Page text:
There are more debates on tap: Tonight, 2nd District Congressman Mike Simpson debates Democratic challenger Richard Stallings on Boise TV station KTVB at 7 p.m.; the debate will air live from Northwest Nazarene University in Nampa. Immediately after that, at 8 p.m., the two candidates for state schools superintendent, Republican Sherri Ybarra and Democrat Jana Jones, will face off in the same location and on the same channel.
Tomorrow night at 8:30, the “Idaho Debates” will feature Idaho Treasurer Ron Crane debating his Democratic challenger, Deborah Silver, on Idaho Public Televison; that debate is part of a series co-sponsored by the Idaho Press Club and the League of Women Voters of Idaho.
A combative Rep. Raul Labrador has interjected repeatedly in tonight’s KTVB debate to give his view of Democratic challenger Shirley Ringo’s positions. He said she supports a single-payer system for health care, like those in Canada or Europe. She said she doesn’t. He said it was on her website; a check of her “Health Care and Retirement Security” issues page shows mention of a “public insurance option” but not a single-payer system.
Labrador interjected again after Ringo was quizzed on what she’d cut and whether she’d raise taxes to reduce the national debt – she said she might support some increased taxes on the wealthiest 1 percent of Americans, but would prefer a combination of measures including closing tax loopholes.
“Her answer was yes she will raise taxes, and no there’s nothing she would want to cut,” Labrador said. “She doesn’t think that spending in Washington, D.C. is a problem. … She thinks that the way to grow the economy is actually to spend more money.”
Ringo responded, “I keep having my answers defined by the congressman here. And I did not say that I would not make any cuts. There may be some that are appropriate. But I wouldn’t make cuts just indiscriminately no matter where or who it would hurt.”
On immigration reform:
Labrador said the American people are clamoring for piece-by-piece immigration reform that focuses first on border security, rather than the comprehensive, bipartisan bill that passed the Senate. “If we pass the Senate bill today, what we will have is an amnesty today. … That was exactly what was wrong when Reagan passed his amnesty, is that they promised enforcement later, and we never got the enforcement,” he said.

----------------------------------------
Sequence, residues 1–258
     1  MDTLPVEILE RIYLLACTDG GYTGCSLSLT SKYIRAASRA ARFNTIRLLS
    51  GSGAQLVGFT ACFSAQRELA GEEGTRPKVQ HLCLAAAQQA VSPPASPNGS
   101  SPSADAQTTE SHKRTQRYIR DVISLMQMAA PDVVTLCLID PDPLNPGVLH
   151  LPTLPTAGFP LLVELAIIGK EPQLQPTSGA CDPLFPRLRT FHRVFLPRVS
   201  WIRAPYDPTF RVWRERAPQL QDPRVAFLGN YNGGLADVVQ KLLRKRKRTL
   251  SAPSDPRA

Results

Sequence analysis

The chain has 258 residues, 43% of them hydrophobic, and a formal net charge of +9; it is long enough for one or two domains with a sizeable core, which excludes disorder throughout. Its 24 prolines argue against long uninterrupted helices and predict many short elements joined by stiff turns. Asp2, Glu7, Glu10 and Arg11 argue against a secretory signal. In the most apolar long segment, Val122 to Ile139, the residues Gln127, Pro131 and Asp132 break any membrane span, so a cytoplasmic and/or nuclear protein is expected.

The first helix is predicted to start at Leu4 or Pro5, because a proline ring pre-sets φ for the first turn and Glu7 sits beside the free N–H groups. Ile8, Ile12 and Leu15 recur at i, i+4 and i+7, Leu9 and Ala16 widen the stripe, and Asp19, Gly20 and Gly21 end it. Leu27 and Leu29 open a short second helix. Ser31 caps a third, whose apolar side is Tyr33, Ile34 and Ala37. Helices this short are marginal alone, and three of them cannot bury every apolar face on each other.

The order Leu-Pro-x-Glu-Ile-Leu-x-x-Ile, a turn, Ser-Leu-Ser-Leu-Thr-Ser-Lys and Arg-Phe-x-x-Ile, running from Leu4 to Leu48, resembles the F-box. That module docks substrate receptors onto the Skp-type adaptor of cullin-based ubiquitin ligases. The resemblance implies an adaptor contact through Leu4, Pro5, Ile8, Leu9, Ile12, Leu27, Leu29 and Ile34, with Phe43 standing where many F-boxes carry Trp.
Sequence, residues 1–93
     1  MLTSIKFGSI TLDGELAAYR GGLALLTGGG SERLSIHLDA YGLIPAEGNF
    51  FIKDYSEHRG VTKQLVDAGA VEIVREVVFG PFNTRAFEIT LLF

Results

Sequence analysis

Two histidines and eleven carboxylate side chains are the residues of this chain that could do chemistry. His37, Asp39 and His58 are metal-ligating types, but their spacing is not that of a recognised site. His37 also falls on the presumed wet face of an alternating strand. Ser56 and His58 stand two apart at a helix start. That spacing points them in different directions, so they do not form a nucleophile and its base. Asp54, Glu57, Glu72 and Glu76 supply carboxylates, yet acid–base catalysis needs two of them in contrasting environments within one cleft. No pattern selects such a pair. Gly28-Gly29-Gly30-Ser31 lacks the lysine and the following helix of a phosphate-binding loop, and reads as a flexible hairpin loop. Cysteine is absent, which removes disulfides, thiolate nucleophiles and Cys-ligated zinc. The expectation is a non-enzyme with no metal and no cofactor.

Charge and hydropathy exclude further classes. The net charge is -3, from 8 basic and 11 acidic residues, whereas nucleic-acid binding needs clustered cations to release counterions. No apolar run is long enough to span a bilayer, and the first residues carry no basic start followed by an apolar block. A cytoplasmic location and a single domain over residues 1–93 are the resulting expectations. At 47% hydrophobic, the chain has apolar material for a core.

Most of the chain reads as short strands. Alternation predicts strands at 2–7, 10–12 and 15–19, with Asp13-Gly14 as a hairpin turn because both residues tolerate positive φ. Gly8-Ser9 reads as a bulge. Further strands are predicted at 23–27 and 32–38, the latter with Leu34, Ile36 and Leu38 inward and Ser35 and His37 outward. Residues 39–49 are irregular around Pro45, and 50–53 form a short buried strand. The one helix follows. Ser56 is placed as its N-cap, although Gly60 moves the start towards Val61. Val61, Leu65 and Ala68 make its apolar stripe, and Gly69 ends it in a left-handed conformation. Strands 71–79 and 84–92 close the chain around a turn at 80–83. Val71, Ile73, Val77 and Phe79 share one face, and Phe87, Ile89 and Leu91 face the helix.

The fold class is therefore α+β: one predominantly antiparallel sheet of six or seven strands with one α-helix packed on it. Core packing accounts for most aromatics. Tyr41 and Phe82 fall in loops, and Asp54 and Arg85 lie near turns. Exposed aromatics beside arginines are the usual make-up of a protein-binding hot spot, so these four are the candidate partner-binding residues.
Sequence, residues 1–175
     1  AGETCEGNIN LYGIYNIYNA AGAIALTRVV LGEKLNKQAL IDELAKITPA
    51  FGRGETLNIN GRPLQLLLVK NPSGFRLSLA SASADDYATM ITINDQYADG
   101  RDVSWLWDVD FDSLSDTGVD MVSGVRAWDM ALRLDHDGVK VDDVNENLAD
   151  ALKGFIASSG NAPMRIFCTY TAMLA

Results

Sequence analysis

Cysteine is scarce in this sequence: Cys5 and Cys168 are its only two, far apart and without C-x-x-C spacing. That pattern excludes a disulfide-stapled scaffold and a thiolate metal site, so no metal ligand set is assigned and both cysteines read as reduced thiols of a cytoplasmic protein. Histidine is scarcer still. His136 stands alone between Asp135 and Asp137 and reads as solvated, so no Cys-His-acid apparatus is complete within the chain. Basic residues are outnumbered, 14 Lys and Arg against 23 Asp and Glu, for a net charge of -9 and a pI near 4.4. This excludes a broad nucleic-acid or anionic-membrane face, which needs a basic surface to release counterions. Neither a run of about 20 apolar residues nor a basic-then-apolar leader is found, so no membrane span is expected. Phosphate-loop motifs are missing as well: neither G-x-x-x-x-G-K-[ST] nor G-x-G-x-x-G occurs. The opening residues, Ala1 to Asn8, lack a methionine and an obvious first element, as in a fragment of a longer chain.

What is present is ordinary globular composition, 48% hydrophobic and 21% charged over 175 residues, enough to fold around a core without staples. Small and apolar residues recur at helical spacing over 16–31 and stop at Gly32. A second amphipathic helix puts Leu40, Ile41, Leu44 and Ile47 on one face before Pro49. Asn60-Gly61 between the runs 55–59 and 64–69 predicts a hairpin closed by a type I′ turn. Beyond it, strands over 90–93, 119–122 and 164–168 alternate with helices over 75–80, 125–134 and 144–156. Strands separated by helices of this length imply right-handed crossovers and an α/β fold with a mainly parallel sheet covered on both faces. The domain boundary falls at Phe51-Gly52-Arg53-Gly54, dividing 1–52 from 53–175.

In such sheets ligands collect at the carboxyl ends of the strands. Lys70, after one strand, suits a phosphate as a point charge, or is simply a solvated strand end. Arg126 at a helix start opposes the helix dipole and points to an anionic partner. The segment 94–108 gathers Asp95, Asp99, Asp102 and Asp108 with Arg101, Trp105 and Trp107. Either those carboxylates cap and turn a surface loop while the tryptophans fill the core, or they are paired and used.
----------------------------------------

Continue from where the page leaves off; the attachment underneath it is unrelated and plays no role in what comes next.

Ringo responded, “The bill that the Senate brought forward did have a path to citizenship, which shouldn’t be considered amnesty.” She said she’s visited with many in Idaho’s Latino community who support the Senate bill.
On war against the Islamic State, or ISIL:
“I think we can only declare war on nations, on groups, but not on an ideology,” Labrador said. “If ISIL is a threat to the United States, then we need to declare war on them.” And if so, he said, we should go in with “full force.”
Ringo said she’d oppose “boots on the ground.” “If ISIL gets more purchase in Iraq or anyplace else I think we need to make sure we have all the intelligence we need, and that we do give those folks the support that they need, but I would not send people, no,” she said. “These things, eventually they become our war. And too often … once we leave the whole situation disintegrates.”
Moderator Dee Sarton opened the 1st Congressional District debate tonight at Northwest Nazarene University in Nampa with a quote from a listener, who sent in this message: “So sad primetime line-up is being interrupted for the same-old, it’s someone else’s fault campaign crud.” Sarton urged the two candidates, Congressman Raul Labrador and Democratic challenger Shirley Ringo, D-Moscow, to keep that viewer in mind as they delivered their opening comments – and try to persuade voters not to switch to the 24/7 cable channel for the regularly scheduled program, “The Voice.”
“I know The Voice is important - my family loves it and my family loves watching the show,” Labrador said mid-way through his opening statement.
KTVB Channel 7 has two major political debates on tap tonight, both to be broadcast live from Northwest Nazarene University in Nampa. At 7 p.m., 1st Congressional District Rep. Raul Labrador will debate Democratic challenger Shirley Ringo. At 8 p.m., it’s the governor’s race.